The present ATLAS Small Wheel Muon detector will be replaced with a New Small Wheel(NSW) detector in order to cope up with the future LHC runs of high luminosity. One crucial part of the integration procedure concerns the validation of the electronics for a system with more than 2.1 M electronic channels. The readout chain is based on optical link technology connecting the backend to the front-end electronics via the FELIX, which is a newly developed system that will serve as the next generation readout driver for ATLAS. For the configuration, calibration and monitoring path the various electronics boards are supplied with the GBT-SCA ASIC and its purpose is to distribute control and monitoring signals to the electronics. Due to its complexity, NSW electronics requires the development of a sophisticated Control System. The use of such a system is necessary to allow the electronics to function consistently, safely and as a seamless interface to all sub-detectors and the technical infrastructure of the experiment. The central system handles the transition between the probe’s possible operating states while ensuring continuous monitoring and archiving of the system’s operating parameters.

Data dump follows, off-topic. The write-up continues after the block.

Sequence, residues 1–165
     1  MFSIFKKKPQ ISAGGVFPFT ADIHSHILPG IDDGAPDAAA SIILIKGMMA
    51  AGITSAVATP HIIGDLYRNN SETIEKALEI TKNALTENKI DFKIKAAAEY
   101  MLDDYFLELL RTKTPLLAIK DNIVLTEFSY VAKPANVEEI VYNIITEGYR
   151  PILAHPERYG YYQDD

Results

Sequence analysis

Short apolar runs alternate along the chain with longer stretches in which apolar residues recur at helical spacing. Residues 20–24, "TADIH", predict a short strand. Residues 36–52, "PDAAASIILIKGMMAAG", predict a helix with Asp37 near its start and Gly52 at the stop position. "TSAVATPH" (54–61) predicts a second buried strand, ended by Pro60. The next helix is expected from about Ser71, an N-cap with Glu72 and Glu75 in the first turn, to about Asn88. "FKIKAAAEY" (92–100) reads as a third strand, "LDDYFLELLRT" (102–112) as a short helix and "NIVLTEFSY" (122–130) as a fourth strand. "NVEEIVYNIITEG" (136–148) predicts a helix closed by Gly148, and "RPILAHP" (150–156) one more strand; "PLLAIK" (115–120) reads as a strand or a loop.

slides icon Slides FRAL04 [18.694 MB]  
DOI • reference for this paper ※  
About • Received ※ 09 October 2021       Revised ※ 05 November 2021       Accepted ※ 20 November 2021       Issue date ※ 31 January 2022
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FRAL05 MACE Camera Electronics: Control, Monitoring & Safety Mechanisms 1011